Putting “Secrets” in the FDD: A Franchisor Nondisclosure Trap
The Federal Trade Commission mandates disclosure of “any material action involving the franchise relationship during the last fiscal year” under Item 3 of the Franchise Disclosure Document (“FDD”), which must be provided to all prospective franchisees. But as a recent opinion of the U.S. Court of Appeals for the Seventh Circuit illustrates, this seemingly innocuous requirement is tinder for litigation when complying with it violates the nondisclosure provisions of a settlement agreement — and the aggrieved party seeks $20 million in liquidated damages.
Plaintiff had owned an Indiana brokerage company that operated as a franchisee of Keller Williams for approximately 10 years, and also served as a regional director for the franchisor. The parties’ relationship soured, however; her job was terminated in 2010, and the franchise relationship ended the following year.
Litigation ensued. In 2012, the parties resolved the lawsuit and entered a settlement agreement. The agreement prohibited the parties from disclosing its terms to third parties (with limited exceptions for disclosures to tax professionals, insurance carriers and government agencies). A violation of the agreement’s nondisclosure provisions would trigger a “liquidated damages” clause of $10,000 per violation.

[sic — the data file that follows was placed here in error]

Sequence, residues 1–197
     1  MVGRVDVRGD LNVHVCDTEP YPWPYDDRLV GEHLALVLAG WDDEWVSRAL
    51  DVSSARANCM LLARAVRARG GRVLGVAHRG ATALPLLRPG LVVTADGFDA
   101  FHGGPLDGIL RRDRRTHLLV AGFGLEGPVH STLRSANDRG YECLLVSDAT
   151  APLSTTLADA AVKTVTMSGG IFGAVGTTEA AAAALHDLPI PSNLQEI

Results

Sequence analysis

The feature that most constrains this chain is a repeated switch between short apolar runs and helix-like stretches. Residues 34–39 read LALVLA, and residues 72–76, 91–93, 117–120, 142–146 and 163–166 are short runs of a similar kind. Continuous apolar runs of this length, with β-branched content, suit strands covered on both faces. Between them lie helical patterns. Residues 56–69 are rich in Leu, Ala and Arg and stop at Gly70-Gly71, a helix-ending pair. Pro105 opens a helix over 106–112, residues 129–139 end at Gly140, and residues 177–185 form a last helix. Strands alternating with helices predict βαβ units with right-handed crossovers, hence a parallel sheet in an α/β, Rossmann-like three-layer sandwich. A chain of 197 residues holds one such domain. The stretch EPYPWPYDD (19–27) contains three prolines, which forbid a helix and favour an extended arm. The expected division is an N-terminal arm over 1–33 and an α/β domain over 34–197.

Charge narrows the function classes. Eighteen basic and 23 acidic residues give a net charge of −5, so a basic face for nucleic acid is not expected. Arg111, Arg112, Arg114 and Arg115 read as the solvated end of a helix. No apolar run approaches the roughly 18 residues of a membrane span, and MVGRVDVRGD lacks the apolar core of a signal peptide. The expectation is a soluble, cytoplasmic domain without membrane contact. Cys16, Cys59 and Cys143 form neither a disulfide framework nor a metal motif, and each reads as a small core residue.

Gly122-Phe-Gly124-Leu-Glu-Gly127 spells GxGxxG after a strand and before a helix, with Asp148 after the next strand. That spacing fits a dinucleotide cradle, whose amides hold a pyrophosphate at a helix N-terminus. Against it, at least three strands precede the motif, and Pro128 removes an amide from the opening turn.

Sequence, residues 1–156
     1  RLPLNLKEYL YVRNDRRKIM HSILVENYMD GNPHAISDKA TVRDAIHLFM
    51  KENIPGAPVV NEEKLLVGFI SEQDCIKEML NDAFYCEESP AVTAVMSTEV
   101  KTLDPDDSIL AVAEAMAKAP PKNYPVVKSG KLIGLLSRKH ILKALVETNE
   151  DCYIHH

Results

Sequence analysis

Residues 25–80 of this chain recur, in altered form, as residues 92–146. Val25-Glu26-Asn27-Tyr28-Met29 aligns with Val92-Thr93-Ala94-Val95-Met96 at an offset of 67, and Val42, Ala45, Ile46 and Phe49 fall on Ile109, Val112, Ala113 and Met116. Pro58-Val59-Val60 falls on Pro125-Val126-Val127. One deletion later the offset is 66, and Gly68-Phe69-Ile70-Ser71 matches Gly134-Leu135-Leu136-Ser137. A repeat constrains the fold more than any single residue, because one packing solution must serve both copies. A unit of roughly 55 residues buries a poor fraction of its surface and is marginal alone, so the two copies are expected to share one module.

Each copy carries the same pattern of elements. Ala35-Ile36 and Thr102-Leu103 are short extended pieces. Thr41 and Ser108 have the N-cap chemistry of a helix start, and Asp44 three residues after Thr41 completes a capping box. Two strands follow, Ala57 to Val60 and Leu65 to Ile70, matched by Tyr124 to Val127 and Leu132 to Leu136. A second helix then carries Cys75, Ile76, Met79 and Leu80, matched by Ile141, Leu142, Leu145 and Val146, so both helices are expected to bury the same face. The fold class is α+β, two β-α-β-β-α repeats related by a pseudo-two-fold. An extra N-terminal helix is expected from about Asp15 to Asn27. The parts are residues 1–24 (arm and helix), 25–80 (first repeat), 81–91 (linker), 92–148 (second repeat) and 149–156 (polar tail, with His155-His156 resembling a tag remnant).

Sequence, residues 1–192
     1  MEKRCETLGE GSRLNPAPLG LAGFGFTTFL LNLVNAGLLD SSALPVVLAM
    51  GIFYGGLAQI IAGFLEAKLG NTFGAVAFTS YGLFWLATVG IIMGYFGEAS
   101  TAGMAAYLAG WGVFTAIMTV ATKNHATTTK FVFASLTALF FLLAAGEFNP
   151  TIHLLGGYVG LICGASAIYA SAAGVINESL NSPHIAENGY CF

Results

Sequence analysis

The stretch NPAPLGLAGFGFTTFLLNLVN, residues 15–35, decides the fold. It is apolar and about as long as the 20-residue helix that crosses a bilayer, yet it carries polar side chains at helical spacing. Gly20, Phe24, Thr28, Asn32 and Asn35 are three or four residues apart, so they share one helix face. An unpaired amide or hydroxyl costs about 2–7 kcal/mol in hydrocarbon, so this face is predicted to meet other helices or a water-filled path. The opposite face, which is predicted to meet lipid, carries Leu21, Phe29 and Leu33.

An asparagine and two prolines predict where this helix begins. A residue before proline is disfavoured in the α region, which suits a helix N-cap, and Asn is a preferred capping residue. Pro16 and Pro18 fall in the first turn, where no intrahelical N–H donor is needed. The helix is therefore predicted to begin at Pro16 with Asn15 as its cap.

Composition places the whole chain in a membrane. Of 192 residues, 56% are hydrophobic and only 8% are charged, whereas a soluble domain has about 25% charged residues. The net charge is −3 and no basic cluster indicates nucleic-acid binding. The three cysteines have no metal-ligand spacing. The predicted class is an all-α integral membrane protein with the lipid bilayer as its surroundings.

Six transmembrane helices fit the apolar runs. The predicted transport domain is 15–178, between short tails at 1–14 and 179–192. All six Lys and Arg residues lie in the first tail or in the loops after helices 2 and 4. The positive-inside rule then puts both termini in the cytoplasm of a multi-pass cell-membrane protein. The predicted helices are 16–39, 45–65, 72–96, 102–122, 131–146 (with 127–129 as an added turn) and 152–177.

About three months after the settlement, Keller Williams issued a new FDD to approximately 2,000 existing or potential franchisees and other interested firms or persons. In Item 3 of the new FDD, Keller Williams described the lawsuit in detail and disclosed the amounts paid to the plaintiff.
The plaintiff then sued for breach of contract — seeking $20 million ($10,000 x 2,000 claimed “violations”) in liquidated damages.
Keller Williams successfully defended the action by challenging the liquidated damages clause as constituting an unenforceable penalty clause. It is worth noting, though, that the trial court and Seventh Circuit (which affirmed the lower court) did not hold the plaintiff could not have obtained actual damages for the breach (or, for that matter, liquidated damages, if the agreement’s liquidated clause had not been so onerous); the evidence provided by the plaintiff of actual damages “was virtually none.”
The takeaway for franchisors: In any settlement agreement with a franchisee, always include an exception for required FDD disclosures when drafting nondisclosure clauses.
[Caudill, et al. v. Keller Williams Realty, U.S. Court of Appeals for the Seventh Circuit, No. 15-3313]